Tuesday, December 1, 2009

Mr. Creative Has Another Brainstorm

Richie is tireless in his efforts to provide fun events for others. His suggestions to the Thurs. Writers have been largely ignored by them. They're really too old to go for a shot and a beer after critique, among other daft schemes.

Our leftover turkey provided him with a new challenge - make something with it! I was against this since our turkey had not been all that good to begin with.

Cartoon: a turkey stands alone in a barnyard, looking pouty. Caption: "You only want me for my breasts!" Our turkey was (to be charitable) a B cup at best. Just as I'd said, no one wanted dark meat, so the legs and wings lay forlornly next to a picked-over breast.

Undaunted, he disappeared downstairs to his lair yesterday and soon re-emerged, waving a French cookbook (Charles Virion's French Country Cookbook.) He had just the thing - and if it was good, he'd suggest it to Michelle for their Christmas leftovers!

HACHIS A LA PARMENTIER (Hash a la Parmentier)
2 to 3 cups leftover, cook meat (turkey, chicken, ham, veal) finely chopped
Minced onion sauteed in butter
1 egg
Finely-chopped parsley
Beef consomme
Bread crumbs and sesoning to your taste (he went with Italian seasoning and pepper)
2 medium-sized potatoes
4 T sweet butter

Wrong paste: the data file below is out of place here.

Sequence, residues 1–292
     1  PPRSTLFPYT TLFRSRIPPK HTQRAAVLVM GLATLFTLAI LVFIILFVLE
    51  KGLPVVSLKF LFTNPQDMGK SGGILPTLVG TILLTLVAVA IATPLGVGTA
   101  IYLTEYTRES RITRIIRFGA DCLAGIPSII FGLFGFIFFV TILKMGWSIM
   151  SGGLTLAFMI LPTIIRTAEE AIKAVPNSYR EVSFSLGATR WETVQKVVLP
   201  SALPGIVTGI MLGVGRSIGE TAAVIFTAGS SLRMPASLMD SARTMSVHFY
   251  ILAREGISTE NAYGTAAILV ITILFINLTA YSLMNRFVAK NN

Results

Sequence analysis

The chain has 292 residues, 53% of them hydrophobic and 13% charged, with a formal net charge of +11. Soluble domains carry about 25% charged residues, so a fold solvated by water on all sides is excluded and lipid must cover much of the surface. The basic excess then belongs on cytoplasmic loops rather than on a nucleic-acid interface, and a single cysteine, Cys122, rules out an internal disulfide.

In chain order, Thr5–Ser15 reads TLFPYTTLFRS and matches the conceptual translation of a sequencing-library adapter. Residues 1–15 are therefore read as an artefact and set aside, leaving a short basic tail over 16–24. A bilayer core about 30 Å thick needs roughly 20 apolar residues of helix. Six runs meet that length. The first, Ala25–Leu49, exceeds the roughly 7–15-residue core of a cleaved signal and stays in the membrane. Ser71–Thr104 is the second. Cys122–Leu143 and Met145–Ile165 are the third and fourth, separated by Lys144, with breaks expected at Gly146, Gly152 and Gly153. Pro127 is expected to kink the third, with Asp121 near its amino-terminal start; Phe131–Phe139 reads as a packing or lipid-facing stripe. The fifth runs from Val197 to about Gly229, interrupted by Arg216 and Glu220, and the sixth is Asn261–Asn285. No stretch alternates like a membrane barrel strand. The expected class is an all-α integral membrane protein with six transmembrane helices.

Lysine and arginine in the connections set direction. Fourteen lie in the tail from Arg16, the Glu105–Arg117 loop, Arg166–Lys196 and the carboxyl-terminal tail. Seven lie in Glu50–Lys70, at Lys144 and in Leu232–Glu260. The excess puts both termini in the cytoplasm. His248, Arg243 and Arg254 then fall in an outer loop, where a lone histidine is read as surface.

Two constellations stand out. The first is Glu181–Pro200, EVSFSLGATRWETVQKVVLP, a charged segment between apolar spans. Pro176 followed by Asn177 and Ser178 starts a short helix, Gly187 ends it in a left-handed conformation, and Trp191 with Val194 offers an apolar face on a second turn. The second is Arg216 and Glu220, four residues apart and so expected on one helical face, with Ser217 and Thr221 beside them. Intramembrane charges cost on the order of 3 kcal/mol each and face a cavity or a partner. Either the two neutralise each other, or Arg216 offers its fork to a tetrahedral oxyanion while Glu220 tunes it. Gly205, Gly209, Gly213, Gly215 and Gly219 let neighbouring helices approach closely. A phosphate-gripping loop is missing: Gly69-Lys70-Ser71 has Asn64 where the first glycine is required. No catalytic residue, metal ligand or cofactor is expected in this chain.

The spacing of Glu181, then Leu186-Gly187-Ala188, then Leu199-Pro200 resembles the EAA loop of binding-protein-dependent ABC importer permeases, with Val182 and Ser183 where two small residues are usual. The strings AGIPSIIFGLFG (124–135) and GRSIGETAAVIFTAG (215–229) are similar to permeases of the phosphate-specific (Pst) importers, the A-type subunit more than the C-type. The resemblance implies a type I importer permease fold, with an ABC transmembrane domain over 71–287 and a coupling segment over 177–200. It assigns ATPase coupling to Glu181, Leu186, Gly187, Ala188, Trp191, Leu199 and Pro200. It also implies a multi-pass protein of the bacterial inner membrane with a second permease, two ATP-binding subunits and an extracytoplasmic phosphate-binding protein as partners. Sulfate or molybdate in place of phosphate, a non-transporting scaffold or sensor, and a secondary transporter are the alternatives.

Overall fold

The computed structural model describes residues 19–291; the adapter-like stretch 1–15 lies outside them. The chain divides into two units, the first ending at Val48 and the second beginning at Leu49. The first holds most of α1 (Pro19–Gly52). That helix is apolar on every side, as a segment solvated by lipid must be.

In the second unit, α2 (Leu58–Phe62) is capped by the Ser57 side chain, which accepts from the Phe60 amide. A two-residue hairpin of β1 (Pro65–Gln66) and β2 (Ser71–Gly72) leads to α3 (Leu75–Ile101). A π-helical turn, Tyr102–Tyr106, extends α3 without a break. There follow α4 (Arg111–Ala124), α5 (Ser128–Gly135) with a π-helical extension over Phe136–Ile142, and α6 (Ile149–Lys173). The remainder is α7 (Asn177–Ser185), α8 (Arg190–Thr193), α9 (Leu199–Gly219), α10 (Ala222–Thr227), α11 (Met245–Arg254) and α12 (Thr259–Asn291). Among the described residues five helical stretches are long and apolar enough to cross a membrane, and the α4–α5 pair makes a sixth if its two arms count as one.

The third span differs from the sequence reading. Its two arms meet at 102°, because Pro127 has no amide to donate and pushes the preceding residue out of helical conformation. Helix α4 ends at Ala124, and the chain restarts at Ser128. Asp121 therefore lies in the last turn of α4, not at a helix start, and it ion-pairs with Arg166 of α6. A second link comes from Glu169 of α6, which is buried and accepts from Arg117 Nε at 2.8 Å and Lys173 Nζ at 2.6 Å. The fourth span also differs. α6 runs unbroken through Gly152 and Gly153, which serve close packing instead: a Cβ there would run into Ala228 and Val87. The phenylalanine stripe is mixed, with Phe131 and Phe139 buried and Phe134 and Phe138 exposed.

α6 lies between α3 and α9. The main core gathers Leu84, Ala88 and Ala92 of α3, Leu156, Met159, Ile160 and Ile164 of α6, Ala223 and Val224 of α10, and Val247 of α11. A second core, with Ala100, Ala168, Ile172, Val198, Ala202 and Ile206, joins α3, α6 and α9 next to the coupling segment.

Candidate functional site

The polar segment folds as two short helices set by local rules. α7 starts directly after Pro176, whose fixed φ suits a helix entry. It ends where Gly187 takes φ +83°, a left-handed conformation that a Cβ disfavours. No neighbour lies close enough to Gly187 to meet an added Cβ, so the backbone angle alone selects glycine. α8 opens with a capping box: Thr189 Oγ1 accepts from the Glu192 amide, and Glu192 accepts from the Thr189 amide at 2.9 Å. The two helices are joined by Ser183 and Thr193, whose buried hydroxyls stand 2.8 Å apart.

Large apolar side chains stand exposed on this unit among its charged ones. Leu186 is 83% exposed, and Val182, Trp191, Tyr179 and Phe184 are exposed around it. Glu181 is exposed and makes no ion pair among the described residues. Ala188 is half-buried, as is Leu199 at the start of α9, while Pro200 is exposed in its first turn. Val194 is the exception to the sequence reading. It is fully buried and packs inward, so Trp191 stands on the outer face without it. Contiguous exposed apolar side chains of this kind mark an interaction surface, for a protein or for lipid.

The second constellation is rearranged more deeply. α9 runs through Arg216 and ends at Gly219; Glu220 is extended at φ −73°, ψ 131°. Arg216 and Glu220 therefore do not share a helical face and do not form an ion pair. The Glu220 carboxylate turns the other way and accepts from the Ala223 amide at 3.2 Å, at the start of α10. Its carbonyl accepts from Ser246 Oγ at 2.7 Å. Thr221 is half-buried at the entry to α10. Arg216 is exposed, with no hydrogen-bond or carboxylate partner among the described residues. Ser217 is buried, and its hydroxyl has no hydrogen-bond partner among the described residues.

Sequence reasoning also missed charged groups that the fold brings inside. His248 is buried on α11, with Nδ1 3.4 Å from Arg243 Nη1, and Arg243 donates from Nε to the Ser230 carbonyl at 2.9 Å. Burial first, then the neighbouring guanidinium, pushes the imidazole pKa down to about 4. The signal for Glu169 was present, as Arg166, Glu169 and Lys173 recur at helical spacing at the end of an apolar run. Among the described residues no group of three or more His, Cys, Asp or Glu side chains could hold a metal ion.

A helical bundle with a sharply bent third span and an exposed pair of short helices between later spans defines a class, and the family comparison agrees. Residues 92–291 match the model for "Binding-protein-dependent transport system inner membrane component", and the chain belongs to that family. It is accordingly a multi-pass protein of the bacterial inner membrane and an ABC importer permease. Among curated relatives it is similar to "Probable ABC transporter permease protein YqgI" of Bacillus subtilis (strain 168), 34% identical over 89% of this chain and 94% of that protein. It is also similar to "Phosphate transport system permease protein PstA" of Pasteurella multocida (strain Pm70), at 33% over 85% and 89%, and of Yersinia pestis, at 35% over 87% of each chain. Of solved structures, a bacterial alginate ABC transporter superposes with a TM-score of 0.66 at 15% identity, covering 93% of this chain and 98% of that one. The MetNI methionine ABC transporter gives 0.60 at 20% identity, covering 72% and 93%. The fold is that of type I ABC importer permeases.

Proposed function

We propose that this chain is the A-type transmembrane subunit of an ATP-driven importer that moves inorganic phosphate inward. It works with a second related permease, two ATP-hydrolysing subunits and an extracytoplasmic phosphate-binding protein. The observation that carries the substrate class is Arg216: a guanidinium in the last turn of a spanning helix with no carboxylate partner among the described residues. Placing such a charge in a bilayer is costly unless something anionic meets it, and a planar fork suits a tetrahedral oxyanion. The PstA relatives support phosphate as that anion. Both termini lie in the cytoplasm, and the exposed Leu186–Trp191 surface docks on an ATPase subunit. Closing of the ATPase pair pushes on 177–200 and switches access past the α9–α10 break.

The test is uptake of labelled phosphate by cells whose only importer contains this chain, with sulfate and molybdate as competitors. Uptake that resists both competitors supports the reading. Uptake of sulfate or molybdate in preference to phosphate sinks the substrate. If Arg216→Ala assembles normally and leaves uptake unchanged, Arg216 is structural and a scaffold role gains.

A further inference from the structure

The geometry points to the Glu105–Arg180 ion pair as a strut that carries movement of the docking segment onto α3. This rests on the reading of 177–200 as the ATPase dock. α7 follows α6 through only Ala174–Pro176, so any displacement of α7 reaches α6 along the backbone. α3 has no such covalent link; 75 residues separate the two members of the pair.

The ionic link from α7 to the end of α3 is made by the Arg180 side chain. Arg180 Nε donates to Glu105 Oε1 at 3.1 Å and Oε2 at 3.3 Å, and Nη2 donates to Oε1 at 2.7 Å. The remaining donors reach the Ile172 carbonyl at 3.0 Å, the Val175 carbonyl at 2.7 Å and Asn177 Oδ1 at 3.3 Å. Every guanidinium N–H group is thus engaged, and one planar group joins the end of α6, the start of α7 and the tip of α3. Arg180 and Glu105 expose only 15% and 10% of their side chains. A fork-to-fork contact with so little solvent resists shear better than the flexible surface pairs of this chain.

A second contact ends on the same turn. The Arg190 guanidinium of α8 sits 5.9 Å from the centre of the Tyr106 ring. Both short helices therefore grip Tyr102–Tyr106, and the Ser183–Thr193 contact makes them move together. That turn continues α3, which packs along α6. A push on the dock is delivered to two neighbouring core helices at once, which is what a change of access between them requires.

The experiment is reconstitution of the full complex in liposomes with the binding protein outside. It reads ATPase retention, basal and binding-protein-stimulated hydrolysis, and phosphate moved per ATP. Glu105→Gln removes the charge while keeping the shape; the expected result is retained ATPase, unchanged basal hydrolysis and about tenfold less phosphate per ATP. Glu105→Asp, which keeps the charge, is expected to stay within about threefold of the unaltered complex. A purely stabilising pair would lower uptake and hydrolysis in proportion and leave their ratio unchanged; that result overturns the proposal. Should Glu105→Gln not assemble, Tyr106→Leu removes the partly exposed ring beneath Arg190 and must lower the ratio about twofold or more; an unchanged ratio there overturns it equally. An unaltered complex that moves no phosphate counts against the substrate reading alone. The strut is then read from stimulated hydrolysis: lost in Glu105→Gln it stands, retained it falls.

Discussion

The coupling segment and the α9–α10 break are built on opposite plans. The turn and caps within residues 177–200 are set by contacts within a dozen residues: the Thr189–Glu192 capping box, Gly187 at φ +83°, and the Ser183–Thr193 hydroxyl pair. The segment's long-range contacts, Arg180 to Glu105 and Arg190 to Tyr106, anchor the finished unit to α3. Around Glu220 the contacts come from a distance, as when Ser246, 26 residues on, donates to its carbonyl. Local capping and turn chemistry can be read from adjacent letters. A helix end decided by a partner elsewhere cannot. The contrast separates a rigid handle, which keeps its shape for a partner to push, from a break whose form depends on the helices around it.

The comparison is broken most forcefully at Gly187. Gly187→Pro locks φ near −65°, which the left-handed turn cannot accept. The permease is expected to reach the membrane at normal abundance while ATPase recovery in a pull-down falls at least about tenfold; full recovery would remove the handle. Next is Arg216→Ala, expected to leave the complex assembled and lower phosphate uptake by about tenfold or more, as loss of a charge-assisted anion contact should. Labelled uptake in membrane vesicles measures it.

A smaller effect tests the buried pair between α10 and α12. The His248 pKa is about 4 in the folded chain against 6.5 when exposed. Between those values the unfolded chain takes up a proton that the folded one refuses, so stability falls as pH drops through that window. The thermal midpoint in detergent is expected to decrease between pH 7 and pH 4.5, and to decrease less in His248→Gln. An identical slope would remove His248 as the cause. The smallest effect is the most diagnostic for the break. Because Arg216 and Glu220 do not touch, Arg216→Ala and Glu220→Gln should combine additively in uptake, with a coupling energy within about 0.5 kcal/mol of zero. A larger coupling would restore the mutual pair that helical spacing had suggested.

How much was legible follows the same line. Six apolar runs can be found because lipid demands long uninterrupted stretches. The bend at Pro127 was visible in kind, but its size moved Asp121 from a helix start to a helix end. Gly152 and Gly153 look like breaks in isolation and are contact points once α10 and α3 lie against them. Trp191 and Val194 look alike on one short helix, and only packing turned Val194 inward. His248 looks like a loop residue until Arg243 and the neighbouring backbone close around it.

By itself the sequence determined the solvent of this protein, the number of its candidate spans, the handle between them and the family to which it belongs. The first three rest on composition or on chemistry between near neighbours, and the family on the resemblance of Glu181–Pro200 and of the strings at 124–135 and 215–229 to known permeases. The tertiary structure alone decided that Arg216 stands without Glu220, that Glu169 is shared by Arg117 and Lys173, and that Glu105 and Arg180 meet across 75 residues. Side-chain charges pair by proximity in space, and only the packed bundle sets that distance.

1 cup grated Swiss cheese

Mix the leftover meat with the onions, add the egg, parsley, consomme, bread crumbs and seasoning. Spread this in a layer across the bottom of a meatloaf pan.

Boil the potatoes and make mashed potatoes with the butter and Swiss cheese. Cover the meat with the potatoes and bake at 350 for 45 minutes, browning the top in the broiler at the end.

Basically, this is a meatloaf covered in mashed potatoes; "a la so-and-so" be damned. It turned out well, a nice winter comfort food. He was so proud of himself for using up the leftovers. "Waste not, want not" he cooed as he put it on the table.

This morning I was relieved that this latest burst of creativity had passed. Until, brandishing the newspaper, he said, "I'm going to re-do the kitchen!" I said, "No, Richie, you say, 'I want to discuss re-doing the kitchen with you.'"

He showed me the article which featured a kitchen photo with a long mirror, tilted over the stove top. "Are you expecting the Food Channel?" I asked dryly. "Not a bad idea ..." he said thoughtfully, lost in a new dream.

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